Criminology | Section 2.3

Fundamentals of Criminology

Adam J. McKee, Ph.D.

Scott D. Bransford, Ph.D.


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Natural Law and Christianity

Laws are designed to protect the safety of citizens and the state, and insure tranquility and happiness for the people.  This was to be accomplished in part by the regulation of the morals of the people.  Thus, it is the duty of the lawgivers to promulgate the laws of the gods as the laws of man.

Saint Thomas Aquinas transferred this link to divinity into the theology of the Christian faith.  His adherence to the doctrines of Aristotle irrevocably bound the idea of Natural Law to legal philosophy.  For Aquinas, the Natural Law was the foundation upon which his entire philosophy was laid.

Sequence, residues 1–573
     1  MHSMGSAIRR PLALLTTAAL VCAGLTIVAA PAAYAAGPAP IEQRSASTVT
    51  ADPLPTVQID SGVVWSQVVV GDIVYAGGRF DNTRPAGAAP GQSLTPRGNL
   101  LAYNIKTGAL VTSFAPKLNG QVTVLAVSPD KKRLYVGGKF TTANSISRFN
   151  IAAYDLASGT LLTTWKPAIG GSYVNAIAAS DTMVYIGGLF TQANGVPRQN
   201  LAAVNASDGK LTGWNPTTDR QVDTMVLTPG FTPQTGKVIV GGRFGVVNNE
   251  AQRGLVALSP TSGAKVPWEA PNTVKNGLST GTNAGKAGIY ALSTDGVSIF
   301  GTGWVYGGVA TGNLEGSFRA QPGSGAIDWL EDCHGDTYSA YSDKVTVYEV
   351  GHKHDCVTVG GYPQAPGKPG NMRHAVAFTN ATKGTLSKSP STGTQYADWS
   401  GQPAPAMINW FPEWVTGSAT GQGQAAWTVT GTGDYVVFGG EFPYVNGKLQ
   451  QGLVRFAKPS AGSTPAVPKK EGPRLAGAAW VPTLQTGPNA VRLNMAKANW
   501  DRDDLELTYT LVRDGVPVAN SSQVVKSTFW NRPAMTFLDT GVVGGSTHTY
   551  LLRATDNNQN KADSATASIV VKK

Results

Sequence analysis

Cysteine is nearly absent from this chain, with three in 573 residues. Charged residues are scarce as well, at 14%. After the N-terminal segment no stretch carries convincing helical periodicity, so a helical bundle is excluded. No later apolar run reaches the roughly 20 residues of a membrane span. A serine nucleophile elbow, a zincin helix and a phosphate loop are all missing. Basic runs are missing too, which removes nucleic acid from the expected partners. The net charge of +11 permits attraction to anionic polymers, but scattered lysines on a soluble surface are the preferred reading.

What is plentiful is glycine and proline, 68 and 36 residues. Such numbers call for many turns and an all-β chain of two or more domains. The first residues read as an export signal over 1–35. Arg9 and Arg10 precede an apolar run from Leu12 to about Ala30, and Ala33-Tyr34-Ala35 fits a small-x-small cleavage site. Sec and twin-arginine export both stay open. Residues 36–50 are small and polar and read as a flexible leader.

The knowledge of right and wrong came from God, instilled in the minds of man so that it is revealed to them naturally.  Thus, the basic precept of the law is that good should be pursued, and evil should be avoided.  Since the Natural Law emanates from God, it is equally valid everywhere.  The purpose of sanction is not to punish, but to compel the offender to virtue.

Because humans are imperfect, the law should not forbid all vices.  Law should only prohibit the more iniquitous vices that the majority of people can resist; chief among these is harm against others.  Society simply cannot be maintained if such conduct were not prohibited.

In addition, because of the innate imperfection of humanity, lawgivers are prone to make mistakes when promulgating the law.  If reason should show a new law to be better, the new law should be adopted.

Modification History

File Created:  08/04/2018

Last Modified:  08/04/2018

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This work is licensed under an Open Educational Resource-Quality Master Source (OER-QMS) License.

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